Madison: It all started with a University Health Services ad in the Badger Herald telling students not to forget their emergency contraceptives when they left for spring break.
"I thought that was inappropriate," says Rep. Daniel LeMahieu (R-Oostburg). "I thought that was stepping over the line. I thought it was promoting irresponsible behavior."
Rep. LeMahieu says that ad prompted him to draft a bill that would ban emergency contraception on all UW campuses. "What the intent of the bill is–is to stop the promotion and distribution of the morning after pill."
Emergency contraceptives like the popular Plan B are simply a concentrated form of birth control, and critics say you can't ban Plan B without banning all birth control.
But Rep. LeMehieu wants to be clear that's not his intent. "This bill narrowly deals with the morning after pill, not birth control pills in general."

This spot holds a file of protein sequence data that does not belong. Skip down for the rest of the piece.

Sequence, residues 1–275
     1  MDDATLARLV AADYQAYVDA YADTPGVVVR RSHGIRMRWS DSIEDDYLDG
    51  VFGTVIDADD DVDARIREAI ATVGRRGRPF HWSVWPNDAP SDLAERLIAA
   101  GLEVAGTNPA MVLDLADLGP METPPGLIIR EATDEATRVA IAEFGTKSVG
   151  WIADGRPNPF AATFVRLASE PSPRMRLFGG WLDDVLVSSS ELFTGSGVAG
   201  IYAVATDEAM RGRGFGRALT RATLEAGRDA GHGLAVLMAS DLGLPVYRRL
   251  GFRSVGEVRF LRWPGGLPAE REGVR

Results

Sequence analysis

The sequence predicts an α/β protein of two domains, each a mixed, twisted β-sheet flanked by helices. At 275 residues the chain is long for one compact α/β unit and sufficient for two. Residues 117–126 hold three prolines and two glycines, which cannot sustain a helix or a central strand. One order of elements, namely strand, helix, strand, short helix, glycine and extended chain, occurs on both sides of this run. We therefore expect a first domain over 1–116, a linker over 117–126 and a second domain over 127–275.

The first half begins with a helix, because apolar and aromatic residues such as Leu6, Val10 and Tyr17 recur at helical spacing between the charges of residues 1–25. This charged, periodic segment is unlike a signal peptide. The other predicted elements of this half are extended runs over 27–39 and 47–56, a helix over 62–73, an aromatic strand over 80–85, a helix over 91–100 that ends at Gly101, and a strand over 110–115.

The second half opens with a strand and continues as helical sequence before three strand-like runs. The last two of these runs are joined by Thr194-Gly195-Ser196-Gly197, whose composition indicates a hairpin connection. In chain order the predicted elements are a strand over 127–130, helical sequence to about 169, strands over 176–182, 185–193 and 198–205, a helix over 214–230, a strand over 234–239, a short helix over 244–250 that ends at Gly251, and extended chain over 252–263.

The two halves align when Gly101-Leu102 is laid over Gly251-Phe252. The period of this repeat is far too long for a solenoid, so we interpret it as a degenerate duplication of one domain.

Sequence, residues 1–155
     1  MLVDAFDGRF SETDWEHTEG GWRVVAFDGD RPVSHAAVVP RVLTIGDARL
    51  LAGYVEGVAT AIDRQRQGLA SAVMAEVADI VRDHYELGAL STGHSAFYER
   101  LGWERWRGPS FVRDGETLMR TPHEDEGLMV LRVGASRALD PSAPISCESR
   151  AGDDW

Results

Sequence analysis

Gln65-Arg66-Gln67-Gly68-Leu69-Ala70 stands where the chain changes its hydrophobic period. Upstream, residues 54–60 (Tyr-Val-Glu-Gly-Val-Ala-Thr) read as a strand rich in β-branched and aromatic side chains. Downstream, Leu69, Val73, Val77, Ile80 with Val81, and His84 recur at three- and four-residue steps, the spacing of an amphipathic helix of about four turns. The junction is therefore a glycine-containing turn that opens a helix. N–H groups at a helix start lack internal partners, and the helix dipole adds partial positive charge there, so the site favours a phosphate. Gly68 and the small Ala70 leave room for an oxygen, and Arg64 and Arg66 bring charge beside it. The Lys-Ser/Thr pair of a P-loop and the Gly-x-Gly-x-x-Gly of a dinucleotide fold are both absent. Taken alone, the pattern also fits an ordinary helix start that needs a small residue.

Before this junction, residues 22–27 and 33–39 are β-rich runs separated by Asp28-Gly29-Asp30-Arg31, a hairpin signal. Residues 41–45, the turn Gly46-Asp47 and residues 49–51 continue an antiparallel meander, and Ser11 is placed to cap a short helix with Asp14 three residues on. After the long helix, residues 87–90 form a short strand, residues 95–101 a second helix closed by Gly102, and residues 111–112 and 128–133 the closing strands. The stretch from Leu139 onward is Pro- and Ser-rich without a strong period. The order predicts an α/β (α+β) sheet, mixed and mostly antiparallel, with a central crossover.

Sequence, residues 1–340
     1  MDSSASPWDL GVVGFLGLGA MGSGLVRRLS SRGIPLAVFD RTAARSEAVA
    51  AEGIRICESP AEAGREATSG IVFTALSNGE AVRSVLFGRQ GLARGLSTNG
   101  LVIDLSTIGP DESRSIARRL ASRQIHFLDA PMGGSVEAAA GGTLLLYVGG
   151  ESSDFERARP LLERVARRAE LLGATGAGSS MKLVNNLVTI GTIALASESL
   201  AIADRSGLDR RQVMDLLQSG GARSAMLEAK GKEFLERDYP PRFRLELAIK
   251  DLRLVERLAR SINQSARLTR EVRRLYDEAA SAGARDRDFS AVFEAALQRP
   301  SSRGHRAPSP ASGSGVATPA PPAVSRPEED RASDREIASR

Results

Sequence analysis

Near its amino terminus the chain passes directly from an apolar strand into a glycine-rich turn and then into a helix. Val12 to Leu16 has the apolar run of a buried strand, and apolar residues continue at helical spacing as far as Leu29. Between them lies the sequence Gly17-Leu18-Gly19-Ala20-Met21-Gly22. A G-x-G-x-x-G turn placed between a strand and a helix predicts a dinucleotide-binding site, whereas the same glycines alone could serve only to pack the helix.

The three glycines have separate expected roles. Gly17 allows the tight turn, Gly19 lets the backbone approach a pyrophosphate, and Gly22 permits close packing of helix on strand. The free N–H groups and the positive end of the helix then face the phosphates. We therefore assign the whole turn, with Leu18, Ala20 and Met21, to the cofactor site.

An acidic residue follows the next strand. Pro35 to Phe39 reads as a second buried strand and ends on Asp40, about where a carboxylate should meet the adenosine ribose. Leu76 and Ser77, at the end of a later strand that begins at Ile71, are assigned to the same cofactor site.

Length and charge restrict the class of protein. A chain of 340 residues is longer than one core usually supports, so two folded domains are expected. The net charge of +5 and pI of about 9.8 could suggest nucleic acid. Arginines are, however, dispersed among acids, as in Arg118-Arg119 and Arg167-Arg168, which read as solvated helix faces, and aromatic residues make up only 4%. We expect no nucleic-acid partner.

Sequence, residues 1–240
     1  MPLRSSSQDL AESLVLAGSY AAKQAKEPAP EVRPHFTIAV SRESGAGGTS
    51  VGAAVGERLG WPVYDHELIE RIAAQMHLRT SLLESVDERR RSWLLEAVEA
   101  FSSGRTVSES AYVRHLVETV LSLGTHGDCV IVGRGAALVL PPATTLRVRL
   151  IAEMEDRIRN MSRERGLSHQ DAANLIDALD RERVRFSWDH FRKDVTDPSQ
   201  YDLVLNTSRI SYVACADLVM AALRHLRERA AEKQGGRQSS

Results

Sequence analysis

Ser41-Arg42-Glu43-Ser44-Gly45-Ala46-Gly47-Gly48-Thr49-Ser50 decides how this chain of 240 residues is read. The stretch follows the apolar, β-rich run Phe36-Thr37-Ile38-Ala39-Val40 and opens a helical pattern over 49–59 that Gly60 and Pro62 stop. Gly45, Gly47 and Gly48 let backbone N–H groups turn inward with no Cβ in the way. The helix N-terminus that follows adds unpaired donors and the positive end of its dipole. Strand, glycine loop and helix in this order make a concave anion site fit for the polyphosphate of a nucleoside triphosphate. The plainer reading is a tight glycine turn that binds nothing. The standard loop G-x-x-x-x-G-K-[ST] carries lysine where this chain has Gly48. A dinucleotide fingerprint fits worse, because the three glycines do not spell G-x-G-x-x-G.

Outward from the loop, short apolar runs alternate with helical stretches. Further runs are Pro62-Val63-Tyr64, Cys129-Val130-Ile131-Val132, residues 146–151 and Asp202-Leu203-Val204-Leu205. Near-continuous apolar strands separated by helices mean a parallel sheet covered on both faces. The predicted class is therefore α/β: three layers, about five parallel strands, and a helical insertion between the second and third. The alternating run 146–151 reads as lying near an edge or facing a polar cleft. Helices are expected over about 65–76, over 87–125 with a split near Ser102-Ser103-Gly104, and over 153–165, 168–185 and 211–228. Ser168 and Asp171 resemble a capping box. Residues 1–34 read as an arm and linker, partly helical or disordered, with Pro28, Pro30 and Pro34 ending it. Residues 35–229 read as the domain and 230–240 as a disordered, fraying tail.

Emergency contraceptives work by preventing a fertilized egg from implanting in the uterine wall.
"I believe that when you have a fertilized egg and you physically prevent it from implanting in the uterus, I believe that is an abortion," says Rep. LeMaheiu.
"That's frankly just scientifically inaccurate," says Dr. Scott Spear, Director of Clinical Services at University Health Services. "An abortion is termination of an existing pregnancy–after the egg implants in the uterine lining is when a pregnancy starts to exist. Emergency contraception doesn't work at that point."
Despite the scientific argument over when life begins, the bill may be moot before it even gets out of committee. Dr. Spear says Plan B could be available at your local drugstore by this spring.
"The FDA advisory panel recommended by a vote of 23–4 that it was safe and effective enough to be used over the counter," says Dr. Spear.
Dr. Spear says no tax dollars are used in the women's clinic-it's paid for with student fees. Rep. LeMahieu says that's splitting hairs-the building is still paid for with taxpayer dollars.